c.2013 New York Times News Service

c.2013 New York Times News Service

CREDIT SCORES FROM A TEST, NOT A HISTORY

No credit? No problem — just take a test. That’s the message being delivered to small-business owners in developing countries where credit ratings are rare and many potential entrepreneurs keep their money in cash rather than bank accounts. Banks in 16 countries are using a psychometric test to predict whether someone will pay back a loan. The Entrepreneurial Finance Lab’s test has increasingly won the confidence of risk-averse bankers in places where, many economists believe, credit bottlenecks are severely stunting growth. A new partnership with MasterCard has the potential to speed the model’s proliferation.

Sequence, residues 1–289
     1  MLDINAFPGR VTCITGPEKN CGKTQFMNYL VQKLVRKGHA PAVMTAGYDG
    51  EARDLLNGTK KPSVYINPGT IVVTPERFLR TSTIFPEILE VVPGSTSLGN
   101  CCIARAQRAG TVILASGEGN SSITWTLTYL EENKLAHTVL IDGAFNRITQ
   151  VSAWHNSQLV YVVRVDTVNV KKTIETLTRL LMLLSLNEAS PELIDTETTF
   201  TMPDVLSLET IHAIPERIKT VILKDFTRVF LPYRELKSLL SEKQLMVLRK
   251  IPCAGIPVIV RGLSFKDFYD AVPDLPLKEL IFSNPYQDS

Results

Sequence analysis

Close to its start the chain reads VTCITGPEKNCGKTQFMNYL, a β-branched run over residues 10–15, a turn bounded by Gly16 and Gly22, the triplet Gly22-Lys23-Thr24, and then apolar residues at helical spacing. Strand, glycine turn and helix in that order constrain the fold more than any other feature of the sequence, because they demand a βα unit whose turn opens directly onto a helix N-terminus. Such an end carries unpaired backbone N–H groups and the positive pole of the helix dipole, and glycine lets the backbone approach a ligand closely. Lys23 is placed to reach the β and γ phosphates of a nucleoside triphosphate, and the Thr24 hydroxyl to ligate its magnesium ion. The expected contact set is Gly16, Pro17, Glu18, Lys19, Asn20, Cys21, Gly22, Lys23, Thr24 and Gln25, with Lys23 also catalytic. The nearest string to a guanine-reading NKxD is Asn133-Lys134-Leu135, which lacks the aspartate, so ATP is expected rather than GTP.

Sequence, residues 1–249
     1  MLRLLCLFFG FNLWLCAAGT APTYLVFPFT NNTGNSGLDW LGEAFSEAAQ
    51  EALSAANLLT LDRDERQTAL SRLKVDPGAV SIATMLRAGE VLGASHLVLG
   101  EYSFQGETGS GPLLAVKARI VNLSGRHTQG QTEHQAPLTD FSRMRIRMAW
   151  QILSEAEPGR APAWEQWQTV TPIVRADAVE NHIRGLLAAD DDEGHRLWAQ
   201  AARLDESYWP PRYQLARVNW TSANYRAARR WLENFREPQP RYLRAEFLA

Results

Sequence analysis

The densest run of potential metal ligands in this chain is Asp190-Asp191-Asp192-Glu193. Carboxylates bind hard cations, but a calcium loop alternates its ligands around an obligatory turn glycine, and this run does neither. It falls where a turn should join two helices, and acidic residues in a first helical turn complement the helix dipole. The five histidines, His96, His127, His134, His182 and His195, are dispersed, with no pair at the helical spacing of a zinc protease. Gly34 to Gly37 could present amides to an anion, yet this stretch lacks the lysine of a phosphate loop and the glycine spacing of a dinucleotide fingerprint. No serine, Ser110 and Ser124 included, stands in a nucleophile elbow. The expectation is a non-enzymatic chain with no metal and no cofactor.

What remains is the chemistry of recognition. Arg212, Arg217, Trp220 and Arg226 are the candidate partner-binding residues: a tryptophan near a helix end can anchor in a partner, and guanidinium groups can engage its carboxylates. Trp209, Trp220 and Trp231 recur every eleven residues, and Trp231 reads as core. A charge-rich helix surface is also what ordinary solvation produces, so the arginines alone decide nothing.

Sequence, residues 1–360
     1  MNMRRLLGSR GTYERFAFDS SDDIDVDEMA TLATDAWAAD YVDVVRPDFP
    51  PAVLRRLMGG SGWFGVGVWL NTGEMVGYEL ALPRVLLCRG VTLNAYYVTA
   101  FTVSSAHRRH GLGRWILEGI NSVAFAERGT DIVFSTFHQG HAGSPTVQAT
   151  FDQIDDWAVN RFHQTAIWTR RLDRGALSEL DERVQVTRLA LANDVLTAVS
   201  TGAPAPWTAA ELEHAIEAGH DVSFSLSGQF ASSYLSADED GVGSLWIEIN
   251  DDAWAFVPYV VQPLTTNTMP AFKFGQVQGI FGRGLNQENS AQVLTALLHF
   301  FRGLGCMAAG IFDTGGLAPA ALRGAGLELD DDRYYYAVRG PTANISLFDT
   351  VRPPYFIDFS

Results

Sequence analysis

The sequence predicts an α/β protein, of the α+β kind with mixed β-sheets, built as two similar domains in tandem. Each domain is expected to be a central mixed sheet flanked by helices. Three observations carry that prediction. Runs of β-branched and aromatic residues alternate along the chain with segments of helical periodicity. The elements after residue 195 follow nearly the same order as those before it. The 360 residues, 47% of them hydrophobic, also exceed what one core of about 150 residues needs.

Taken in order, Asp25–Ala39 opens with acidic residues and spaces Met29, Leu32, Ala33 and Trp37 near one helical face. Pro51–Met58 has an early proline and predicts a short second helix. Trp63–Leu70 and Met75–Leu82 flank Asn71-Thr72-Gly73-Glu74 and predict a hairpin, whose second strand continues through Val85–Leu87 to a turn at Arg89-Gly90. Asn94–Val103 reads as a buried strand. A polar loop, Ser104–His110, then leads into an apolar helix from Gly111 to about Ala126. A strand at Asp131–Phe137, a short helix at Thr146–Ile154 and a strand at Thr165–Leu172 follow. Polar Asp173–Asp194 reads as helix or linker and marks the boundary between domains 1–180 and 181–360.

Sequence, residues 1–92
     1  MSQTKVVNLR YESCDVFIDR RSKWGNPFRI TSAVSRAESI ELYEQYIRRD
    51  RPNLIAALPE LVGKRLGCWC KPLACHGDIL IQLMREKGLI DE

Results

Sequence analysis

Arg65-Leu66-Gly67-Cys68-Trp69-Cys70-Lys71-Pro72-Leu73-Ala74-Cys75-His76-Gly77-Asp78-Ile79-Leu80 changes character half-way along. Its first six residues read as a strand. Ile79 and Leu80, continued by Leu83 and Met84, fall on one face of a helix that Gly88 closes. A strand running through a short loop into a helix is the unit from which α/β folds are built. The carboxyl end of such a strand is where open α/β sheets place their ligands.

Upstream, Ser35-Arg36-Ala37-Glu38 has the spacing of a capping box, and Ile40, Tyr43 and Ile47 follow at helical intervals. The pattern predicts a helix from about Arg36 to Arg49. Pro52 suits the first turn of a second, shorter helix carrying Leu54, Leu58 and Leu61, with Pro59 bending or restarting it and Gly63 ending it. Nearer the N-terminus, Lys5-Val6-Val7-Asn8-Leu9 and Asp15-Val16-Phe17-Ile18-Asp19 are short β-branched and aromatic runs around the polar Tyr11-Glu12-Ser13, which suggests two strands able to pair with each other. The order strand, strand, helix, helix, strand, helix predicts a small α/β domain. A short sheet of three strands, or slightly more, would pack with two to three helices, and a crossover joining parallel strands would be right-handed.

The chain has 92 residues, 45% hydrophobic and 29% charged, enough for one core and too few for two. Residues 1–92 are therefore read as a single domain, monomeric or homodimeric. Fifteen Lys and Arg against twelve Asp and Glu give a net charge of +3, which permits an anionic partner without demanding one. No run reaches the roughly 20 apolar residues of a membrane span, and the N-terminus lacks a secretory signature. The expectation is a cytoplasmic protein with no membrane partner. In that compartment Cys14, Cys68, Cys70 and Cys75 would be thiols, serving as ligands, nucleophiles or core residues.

CHINESE LOCAL GOVERNMENT DEBT UP 13% IN 6 MONTHS

The debt of local governments in China has soared to nearly $3 trillion as the country’s addiction to credit-fueled growth has deepened in recent years, according to the findings of a long-awaited report released Monday by China’s central auditing agency. The National Audit Office found that local governments had accumulated 17.89 trillion renminbi ($2.95 trillion) worth of debt obligations by the end of June, an increase of 12.7 percent from last December. Other reports have estimated local government debt at significantly higher levels, including one issued last week by the Chinese Academy of Social Sciences, which put the figure at about $3.3 trillion.

SINGAPORE LEADS SURGE IN AIRPORT CONSTRUCTION ACROSS ASIA-PACIFIC